The Chinese government is detaining hundreds of thousands of Muslim Chinese and ethnic Uighurs in mass internment and re-education camps in Xinjiang, a region in northwest China.
These camps aim “to rewire the political thinking of detainees, erase their Islamic beliefs and reshape their very identities … with almost no judicial process or legal paperwork,” the Associated Press reported. “Detainees who most vigorously criticize the people and things they love are rewarded, and those who refuse to do so are punished with solitary confinement, beatings and food deprivation.” According to the BBC, reports of these camps began to appear in 2017.
The Chinese government is interning the Muslim and ethnic Uighur populations in Xinjiang due to “currents of separatism in the region… [and] numerous incidents of violent extremism” attributed to the Uighurs and their religious beliefs, according to NPR. Riots that killed almost 200 people following the deaths of two Uighur migrants in 2009, “more than justified the establishment of camps,” according to Al Jazeera.
Serena Ma, freshman art and illustration major, is from the Henan province in northeast China. “The Chinese government doesn’t want to have religions. They want to have more power,” Ma said. “Also, Chinese culture is more … like a whole family, but if you have lots of religions then people have different beliefs. Then [the nation] will fall apart … That can be dangerous because we all love freedom, but if you train the people [to be] all the same, that’s not a good thing.”
In August 2018, Chinese government officials denied existence of the camps in a meeting with the United Nations, “defending its policies as a humane initiative, saying that it was providing vocational training for Xinjiang’s ethnic minorities, protecting vulnerable populations from the scourge of extremism and generating employment opportunities,” according to the New York Times.
However, Trisha Posey, associate professor of history and director of the Honors Program, said that these camps are not rehabilitating extremists, but imprisoning ordinary individuals: “They’re taking everyday citizens into custody, and … making arguments based on particular attacks that have happened, particularly when we are talking about the Uighur communities, Uighur attacks on the Chinese … If you are of the same ethnic group or same religious background as anyone who has committed an act of extremism, then you must be extreme as well. This logic has allowed them to take hundreds of thousands of people in custody.”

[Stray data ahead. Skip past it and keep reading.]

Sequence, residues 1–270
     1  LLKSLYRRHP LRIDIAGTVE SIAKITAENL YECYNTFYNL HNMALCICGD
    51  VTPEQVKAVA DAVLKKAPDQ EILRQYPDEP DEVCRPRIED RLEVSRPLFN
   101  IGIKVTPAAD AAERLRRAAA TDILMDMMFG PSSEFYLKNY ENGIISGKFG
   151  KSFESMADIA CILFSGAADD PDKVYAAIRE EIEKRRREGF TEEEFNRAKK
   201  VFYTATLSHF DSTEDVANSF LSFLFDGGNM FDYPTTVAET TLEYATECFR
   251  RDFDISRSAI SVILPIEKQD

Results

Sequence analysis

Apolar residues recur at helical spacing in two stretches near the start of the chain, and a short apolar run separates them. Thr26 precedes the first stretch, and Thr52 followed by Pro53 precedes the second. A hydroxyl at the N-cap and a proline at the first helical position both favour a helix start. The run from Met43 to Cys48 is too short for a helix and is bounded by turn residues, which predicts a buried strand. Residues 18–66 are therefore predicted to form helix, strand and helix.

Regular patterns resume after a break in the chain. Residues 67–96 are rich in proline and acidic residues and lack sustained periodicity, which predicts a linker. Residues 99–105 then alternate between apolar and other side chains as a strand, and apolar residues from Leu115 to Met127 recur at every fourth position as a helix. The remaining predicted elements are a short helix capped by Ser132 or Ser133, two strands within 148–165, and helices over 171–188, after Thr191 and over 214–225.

Propaganda films released by the Chinese government masquerade these camps as vocational training schools, showing rows of students, wearing matching uniforms, reciting lessons to a teacher or working on textiles in factories. Graduation certificates state: “these men and women have passed the test to become law-abiding citizens,” according to Al Jazeera.
Looking at historical examples of oppressive regimes, Posey said that the euphemisms, especially involving education, are used frequently. “It’s a common tactic among nations that are carrying out atrocities against their own people—to use coded language or veiled language to talk about what’s going on,” Posey said. “It does not surprise me at all that they’re using the language of re-education because that is what a lot of oppressive regimes do. They talk about educating people into the ideals of the state.”
Elissa Noel, junior history major, sees parallels between the video released by the Chinese government and films she watched in her Holocaust course last semester.
Inside the camps, persecution does not stop with denouncing one’s religion. Mihrigul Tursun, was arrested twice, once after one of her infant children died. She was imprisoned with 60 other women for three months, according to CBS News, and they were “forced to take unknown medication, including pills that made them faint and a white liquid that caused bleeding in some women and loss of menstruation in others,” leading to the deaths of nine women.